RetroReview: Paternus by Dyrk Ashton

It’s so pretty :O

Oh, Paternus. Never stop being a big mythological smoothie of awesome. I read Paternus in December. Then I listened to the audiobook in… also December. This is unusual because I very rarely reread books, never mind within 2 weeks of each other. This means that Paternus is extra-special.

The gods and monsters of myth have returned. In a breathtaking story that takes place in a single day, two ordinary humans are caught up in the final battle of a war that’s been waged since the dawn of time.

Gods, monsters, angels, devils. Call them what you like. They exist. The epic battles between titans, giants, and gods, heaven and hell, the forces of light and darkness. They happened. And the war isn’t over.

17 year old Fi Patterson lives with her stuffy English uncle and has an internship at a local hospital for the aged. She doesn’t know what she wants to do with her life, misses her dead mother, wonders about the father she never knew. One bright spot is caring for Peter, a dementia-ridden old man whose faraway smile can make her whole day. And there’s her conflicted attraction to Zeke — awkward, brilliant, talented — who plays guitar for the old folks.

Then a group of very strange and frightening men show up for a “visit”…

Fi and Zeke’s worlds are shattered as their typical everyday concerns are suddenly replaced by the immediate need to stay alive — and they try to come to grips with the unimaginable reality of the Firstborn.

Far above the thin skin of atmosphere that shields the earth like a blanket protects a child from unknown terrors of night, the moon keeps its eternal watch in the cold silence of space. Through cloud, rain, and fog, roof, rock, sea and stone, the moon sees. And the moon knows.

Like Zeke, I’ve always been fascinated with mythology. Primary Greek at first, for me, but later on it was mythology of all kinds. When my grandfather noticed my childhood love of unicorns and Pegasus (it was actually my obsession with the ‘Pastoral’ segment of Disney’s Fantasia), he bought me Edith Hamilton’s ‘Mythology’ and it sort of went crazy from there. When I was a little girl, I wanted to be a ‘mythologist’ when I grew up. Turns out that I work at a mental health clinic. Go figure. >.>

So, in this novel we have everything from Merlin and the Lady of the Lake (or not really >.>); to Fintan, the man who brought Noah’s granddaughter to Ireland before the great flood and survived it by becoming a salmon; to Tanuki, the Japanese raccoon-dog spirit with giant, floofy (and apparently lucky) balls; to Asterion, the minotar from the Knossos labyrinth. And so many, many more. Hephaestus, Samson, Wepwawet, and Cù Sìth (COOSHEE!!!). Gods, angels, vampires, and werewolves. Mytholosquee!~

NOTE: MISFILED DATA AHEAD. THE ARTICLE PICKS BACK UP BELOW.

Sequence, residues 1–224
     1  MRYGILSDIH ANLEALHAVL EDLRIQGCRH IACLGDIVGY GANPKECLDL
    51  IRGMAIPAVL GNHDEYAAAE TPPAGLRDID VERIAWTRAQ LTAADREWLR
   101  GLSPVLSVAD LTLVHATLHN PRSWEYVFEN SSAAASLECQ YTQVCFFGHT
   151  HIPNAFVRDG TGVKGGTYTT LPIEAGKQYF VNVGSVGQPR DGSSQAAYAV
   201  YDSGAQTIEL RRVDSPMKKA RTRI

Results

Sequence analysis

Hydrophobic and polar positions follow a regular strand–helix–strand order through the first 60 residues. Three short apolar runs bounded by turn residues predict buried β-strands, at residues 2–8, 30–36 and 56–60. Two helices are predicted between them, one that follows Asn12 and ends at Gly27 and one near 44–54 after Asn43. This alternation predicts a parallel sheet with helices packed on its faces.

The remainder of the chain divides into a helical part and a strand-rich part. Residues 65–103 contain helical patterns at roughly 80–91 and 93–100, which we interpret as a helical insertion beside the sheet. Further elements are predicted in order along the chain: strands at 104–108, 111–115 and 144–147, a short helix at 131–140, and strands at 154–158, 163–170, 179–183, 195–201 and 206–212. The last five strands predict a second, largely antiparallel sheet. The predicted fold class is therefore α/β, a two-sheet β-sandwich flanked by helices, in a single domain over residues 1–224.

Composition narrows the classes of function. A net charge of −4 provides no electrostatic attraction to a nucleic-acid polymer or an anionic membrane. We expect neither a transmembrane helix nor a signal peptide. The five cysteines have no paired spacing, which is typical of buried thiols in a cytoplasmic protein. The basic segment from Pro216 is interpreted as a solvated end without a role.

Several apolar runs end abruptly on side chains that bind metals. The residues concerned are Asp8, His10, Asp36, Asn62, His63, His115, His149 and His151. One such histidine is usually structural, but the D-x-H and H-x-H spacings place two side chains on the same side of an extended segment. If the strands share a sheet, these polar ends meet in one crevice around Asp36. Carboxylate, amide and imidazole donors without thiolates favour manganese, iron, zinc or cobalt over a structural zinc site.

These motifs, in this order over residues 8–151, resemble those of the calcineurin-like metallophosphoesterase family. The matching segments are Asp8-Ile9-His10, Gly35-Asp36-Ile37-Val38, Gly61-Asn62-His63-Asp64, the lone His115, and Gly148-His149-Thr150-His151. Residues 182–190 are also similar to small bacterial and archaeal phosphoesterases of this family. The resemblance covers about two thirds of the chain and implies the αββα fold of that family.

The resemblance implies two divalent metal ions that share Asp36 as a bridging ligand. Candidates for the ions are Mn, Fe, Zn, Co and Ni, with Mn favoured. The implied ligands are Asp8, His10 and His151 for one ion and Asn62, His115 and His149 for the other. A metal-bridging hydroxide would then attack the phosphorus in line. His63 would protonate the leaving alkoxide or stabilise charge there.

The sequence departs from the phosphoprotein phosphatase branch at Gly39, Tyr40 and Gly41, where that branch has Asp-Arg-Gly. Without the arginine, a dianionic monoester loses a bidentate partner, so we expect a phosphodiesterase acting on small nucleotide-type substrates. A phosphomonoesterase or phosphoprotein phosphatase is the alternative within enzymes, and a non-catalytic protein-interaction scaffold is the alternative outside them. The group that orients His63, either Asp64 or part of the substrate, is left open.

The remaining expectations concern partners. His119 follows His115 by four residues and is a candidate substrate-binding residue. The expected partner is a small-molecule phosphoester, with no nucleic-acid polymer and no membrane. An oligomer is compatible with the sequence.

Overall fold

So, it’s pretty obvious that I had a total mythological geek-out the whole time, OMG. The idea that all the gods of every pantheon you can think of are all siblings, who have taken on different guises depending on where and when they are is fantastic. All fathered by the same dude, too. ‘Who is the Father?’ I thought for about 2 seconds, because if this is a world where all the pantheons are combined, then it’s really everyone I thought it could be, isn’t it? Is it God, or Odin, or Zeus, or Amun-Ra, or Perun? How about all of those plus a thousand others? Then there’s the other characters and having a bit of a mythological who’s-who session. Not only gods appear, but characters from legends and folklore as well.

Fi is a fantastic character, and I wanted her to win at everything ever. Zeke too. I can’t wait to see what happens to them in the next volume.

This book was really quite difficult to put down and it hit nearly all the buttons I’ve got. Spunky protagonist: check. Mythology: ohboy check. Mysterious characters that I have to figure out the identity of: check. Tanuki: check. Dream sequence that ends in a shattered glass effect that immediately brings to mind the dream/ball scene in Labyrinth and makes me want to watch it unendingly on repeat but it’s just going to make me sad because Bowie: check.


So, in conclusion… yeah I loved it. 🙂 Really eagerly awaiting the next book in the series. I want to see what crazy slip worlds they’re going to take us to. 5/5 stars!!!


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